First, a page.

How to deal with the theme of forest as an architect without being direct? How to realize such an installation in a low-budget and environmentally conscious way? How to transform an everyday construction site material into a poetic structure? Three young architects and one graphic designer have answered these questions with an ethereal installation.
It is often said that young designers are bold. They go beyond the known boundaries with their playful and experimental approach, as is the case with this installation. This recipe contributes to the creation of the Uncanny. The authors of the installation are about to complete their postgraduate studies at the Moholy-Nagy University of Art and Design in Budapest, and this is not the first time that they attract the attention of the international media.
They were inspired by the sole Pannonhalma region, surrounded by hills and forests. Some 130 km West from the capital of Hungary, Budapest, the Benedictines set up their religious center in 996 in Pannonhalma. This event resulted in one of the most beautiful medieval churches in the country, whose cutting-edge minimalist interior was designed by John Pawson in 2013. Integration of this strange concept into a medieval building was supported by the Benedictines who otherwise have deep connections with contemporary art.
The priests of the Pannonhalma Archbishopric have been hosting and organizing the Arcus Temporum Festival for ten years now. Each year the invited artists and their works reveal the extent to which the Benedictines appreciate the most recent works of contemporary art. This representative event ranges from film and dance, to music and art installations. Artists are free to choose their topics way beyond religions connotations.
Nikolett Pálinkás, a graphic designer, experimented with graphical aspects of photography on the topic of forest already as an ma student. Her spatial concept was to realize a montage of photographs consisting of semi-transparent layers. Her colleagues, the architects Dániel Baló, Dániel Eke and Zoltán Kalászi have designed an architectural environment by embracing that content. By choosing Raschel mesh from the construction site, they have transformed the meaning of the practical material into a mystical medium for transmitting the silence of nature. The refined textile-like material gives an abstract feeling of walking through the forest, detectable mostly as an atmosphere and not exclusively through the selected material.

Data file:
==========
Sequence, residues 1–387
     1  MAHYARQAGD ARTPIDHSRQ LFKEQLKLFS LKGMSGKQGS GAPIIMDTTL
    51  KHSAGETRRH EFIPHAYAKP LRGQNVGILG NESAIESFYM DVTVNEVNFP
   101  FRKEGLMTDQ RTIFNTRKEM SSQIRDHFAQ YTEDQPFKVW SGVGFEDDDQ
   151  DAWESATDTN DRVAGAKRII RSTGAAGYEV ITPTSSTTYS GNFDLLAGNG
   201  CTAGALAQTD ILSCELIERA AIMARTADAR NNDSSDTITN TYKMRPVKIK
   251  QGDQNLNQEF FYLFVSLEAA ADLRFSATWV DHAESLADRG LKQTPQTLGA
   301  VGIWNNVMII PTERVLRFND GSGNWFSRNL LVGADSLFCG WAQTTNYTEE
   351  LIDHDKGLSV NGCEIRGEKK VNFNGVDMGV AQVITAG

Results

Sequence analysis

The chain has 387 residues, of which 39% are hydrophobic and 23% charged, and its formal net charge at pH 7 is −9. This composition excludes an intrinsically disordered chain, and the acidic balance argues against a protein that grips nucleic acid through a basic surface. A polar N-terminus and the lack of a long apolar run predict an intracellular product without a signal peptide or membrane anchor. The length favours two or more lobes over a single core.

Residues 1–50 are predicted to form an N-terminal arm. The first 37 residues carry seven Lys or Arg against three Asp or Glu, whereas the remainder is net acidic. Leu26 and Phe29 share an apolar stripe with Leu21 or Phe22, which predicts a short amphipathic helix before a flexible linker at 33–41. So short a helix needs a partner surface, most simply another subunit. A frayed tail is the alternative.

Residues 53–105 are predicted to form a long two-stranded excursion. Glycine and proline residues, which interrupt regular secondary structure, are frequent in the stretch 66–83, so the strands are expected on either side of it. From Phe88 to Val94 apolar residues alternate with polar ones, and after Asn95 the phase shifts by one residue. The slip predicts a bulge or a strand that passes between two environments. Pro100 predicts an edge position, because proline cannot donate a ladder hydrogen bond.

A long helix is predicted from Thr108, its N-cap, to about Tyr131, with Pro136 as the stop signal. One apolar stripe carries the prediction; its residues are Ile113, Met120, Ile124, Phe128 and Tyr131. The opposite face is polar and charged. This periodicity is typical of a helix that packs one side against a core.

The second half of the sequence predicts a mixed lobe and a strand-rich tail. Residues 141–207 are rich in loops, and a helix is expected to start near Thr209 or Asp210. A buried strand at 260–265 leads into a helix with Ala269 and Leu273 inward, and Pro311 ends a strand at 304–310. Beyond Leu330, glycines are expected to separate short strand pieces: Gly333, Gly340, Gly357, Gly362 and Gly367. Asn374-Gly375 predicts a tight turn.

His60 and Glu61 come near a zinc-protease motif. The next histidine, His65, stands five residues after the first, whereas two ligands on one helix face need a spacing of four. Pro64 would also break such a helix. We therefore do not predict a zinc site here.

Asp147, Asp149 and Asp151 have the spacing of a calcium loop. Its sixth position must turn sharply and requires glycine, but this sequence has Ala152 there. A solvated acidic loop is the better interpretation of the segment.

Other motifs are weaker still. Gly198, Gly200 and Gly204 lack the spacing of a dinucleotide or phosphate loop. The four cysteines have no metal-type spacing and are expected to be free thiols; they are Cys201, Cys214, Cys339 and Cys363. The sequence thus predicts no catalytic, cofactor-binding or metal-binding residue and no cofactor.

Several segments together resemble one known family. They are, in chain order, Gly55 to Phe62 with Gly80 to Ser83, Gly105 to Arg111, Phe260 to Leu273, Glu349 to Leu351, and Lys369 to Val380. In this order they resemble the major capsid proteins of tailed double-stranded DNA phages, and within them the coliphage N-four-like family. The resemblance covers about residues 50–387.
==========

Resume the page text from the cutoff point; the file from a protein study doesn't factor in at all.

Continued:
The exhibition space is the gym of the Benedictine High School, which consists of two rooms. During the three-day festival, the front space served as a filter: visitors had to fight their way through the densely populated, lit, vertically placed, wild trees. Upon entering into the second exhibition hall, the noise of nature calmed down and the installation served as a curtain around the hanged graphics.
Upon entering, you walk – or climb – into the topic which is presented later in the exhibition hall. The choice of material was crucial for the design. We knew Raschel mesh from construction sites. We had an experience with that material which contributes to the blend of the light and shade effects, mostly when the mesh is set to motion by the wind, as the architects add.
The talent of the designers is confirmed by their employees. After several years spent at the Hidalgo Hartmann Arquitectura and rcr Arquitectes studios, Dániel Baló is now working in the studio of the Pritzker Award winner Peter Zumthor. Having worked at the zhj Atelier studio, Dániel Eke, the former partner of Erick van Egeraat, continues working at the közti, one of the largest architecture studios in Budapest, and is currently working on the reconstruction of a historical building complex, a 140 year old entertainment park and a market, besides doing small-scale interior designs, exhibitions and installation design projects. Zoltán Kalászi started his career at the Turkish-Danish Superpool architecture studio and joined the internationally acclaimed company Bjarke Ingels Group in Copenhagen.
At this point it is worth mentioning some numerical features of the project, which reveal its epic scale. The installation included 4500 m2 of Raschel mesh, 140 light bulbs, 160 meters of galvanized wire fence to hold the mesh, 600 meters of sewing fabric. It was possible to recycle a huge amount of Raschel fabric: the organizers could reuse it in a local garden.
Though the collaboration of these young architects happens once a year, they caused a huge media stir already at the 2012 Arcus Temporum Festival when they transformed a gym into an ethereal temple of music by using profane geotextiles. I hope we will keep on enjoying their future poetic projects.